If expiration time has passed, corrective actions are required.

application failed due to error - check msglog for possible messages

An error occurred while processing a schedule record and the schedule record gets into an “Application error” status. The background scheduler continues to pick up the next schedule record and continues to process its tasks.


A schedule record could not be processed because resources required were locked. The schedule record gets into a “locked” status and is rescheduled for a few minutes later. The background schedule continues to pick up the next schedule record and processes this record at the rescheduled time.

application running

This is a temporary state while the schedule record is being processed.

If this temporary state persists, it is likely that the scheduler processing this record got into an endless loop, which is also referred to as “hanging”.

The background processes can be monitored by the status monitor. The important column in the following table is Idle Time.

Idle Time

Interpretation and administrative action

> Sleep time

The scheduler is not running properly. Normally, killing and restarting the background process should resolve this issue.


If the idle time is exactly 00:00:00, press the Refresh button several times and watch if the idle time is increasing. If not, the schedule record is very busy or hanging.

To identify this, check schedule records with a status of "application running” for a Scheduled Class field value that contains the process name.

If there is no hanging schedule record, while the idle time stays 00:00:00, there is a load issue. Inspect all schedule records for this background process (the Class field) to understand the root cause of the load and then take adequate actions.

Irqueue dbdict

The IR index is a full-text searching implementation for Service Manager dbdicts. Updating the IR index is a time-consuming process, and the response time when updating records in a dbdict with an IR key would increase. For that reason, Service Manager instead writes a record to the irqueue dbdict as a task for the IRQUEUE background process which then executes the task.

Starting with Service Manager 9.33, the IR regen is executed asynchronously, which means an irqueue record for each record of the regened dbdict is created. This implementation is slower than the previous synchronous approach, but no longer requires a downtime.

Eventin dbdict

The eventin dbdict contains incoming events. Eventin records may be processed synchronously or asynchronously depending on the state of the “Process input events synchronously?” flag in the eventregister record.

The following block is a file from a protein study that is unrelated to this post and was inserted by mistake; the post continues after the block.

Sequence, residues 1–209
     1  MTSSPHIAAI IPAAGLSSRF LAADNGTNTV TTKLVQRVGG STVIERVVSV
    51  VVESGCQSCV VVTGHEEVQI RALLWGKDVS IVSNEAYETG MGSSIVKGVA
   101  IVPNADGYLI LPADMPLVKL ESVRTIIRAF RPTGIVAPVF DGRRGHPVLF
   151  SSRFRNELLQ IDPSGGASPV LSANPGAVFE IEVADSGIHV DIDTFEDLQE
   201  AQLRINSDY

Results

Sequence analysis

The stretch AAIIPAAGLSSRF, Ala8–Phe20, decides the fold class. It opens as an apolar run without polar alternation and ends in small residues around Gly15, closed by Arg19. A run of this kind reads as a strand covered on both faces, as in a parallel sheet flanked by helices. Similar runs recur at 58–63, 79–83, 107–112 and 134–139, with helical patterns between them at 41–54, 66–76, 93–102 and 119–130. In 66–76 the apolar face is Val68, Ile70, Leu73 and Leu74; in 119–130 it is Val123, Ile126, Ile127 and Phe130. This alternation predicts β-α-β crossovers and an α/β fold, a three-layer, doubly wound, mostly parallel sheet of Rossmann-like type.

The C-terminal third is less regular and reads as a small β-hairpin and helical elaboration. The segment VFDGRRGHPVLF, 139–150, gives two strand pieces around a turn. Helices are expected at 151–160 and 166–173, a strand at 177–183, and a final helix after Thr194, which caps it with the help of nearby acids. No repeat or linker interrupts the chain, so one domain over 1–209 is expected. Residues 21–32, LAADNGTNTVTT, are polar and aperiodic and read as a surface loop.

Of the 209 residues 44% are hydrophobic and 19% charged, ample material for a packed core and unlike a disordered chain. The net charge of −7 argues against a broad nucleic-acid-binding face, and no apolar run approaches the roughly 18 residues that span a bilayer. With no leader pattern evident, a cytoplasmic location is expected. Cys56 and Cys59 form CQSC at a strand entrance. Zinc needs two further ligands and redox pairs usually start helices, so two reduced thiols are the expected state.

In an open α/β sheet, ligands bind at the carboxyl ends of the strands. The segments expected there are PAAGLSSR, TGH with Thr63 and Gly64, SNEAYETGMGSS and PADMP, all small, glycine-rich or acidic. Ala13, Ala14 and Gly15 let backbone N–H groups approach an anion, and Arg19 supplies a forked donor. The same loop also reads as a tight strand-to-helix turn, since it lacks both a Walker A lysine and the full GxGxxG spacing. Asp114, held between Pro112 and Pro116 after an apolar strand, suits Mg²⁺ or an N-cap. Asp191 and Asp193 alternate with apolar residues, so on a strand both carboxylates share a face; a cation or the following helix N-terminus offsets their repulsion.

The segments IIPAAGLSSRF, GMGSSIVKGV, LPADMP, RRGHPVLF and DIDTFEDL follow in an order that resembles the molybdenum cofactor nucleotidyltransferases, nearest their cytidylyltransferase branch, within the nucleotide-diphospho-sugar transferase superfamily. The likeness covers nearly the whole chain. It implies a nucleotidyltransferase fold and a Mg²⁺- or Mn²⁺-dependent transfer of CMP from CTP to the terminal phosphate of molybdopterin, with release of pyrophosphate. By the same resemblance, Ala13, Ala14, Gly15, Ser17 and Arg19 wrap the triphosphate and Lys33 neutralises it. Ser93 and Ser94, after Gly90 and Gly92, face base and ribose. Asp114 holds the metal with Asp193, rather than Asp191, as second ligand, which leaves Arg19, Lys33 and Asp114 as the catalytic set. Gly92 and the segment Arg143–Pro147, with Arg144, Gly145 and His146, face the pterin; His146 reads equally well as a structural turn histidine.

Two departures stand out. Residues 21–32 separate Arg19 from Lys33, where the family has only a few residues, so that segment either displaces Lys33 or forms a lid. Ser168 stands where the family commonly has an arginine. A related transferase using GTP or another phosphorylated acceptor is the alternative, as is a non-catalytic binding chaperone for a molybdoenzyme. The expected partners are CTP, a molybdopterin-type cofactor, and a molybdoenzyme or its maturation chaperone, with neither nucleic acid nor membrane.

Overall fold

Synchronous processing is implemented by the “eventin.after.add” trigger.

Asynchronous events use the evtime field. Eventin records are selected by the event background process based on a query specified in the schedule record of the event class, which is always rescheduled.

Note Changing the state of the “Process input events synchronously?” flag in the eventregister record is not effective immediately, but requires these global lists: “Sync Event Types” (variable $G.sync.events), and “Sync Event Types” (variable $G.sch.events).

Incoming events can be configured to automatically create an outgoing event as the response. Successfully processed events are automatically deleted (if not configured otherwise, for example, for debugging purposes), while events that were not processed successfully are not deleted automatically to allow error analysis.

Eventout dbdict

The eventout dbdict contains outgoing events, which will be picked up by a background processor and then sent to an external application such as an email service.

SMISTaskQueue dbdict

When using Service Manager Integration Suite (SMIS), the queue of pending tasks can be inspected using Integration Manager. Repeated inspections help identify if the task queue is stuck and if a corrective action is required.

ReportscheduleTask and reportscheduleHistory dbdicts

The Reporting module queues tasks in the reportscheduleTask dbdict, and moves them into reportscheduleHistory after processing. The Reporting module also takes care of the cleanup of old records.

The Reporting module has its own cleanup mechanism implemented.